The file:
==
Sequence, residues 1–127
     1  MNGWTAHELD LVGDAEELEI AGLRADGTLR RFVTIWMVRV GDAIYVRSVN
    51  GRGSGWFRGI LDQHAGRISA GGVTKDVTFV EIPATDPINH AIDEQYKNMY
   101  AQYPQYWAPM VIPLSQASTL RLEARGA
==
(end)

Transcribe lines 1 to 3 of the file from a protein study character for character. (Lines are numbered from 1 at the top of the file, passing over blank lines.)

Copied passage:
Sequence, residues 1–127
     1  MNGWTAHELD LVGDAEELEI AGLRADGTLR RFVTIWMVRV GDAIYVRSVN
    51  GRGSGWFRGI LDQHAGRISA GGVTKDVTFV EIPATDPINH AIDEQYKNMY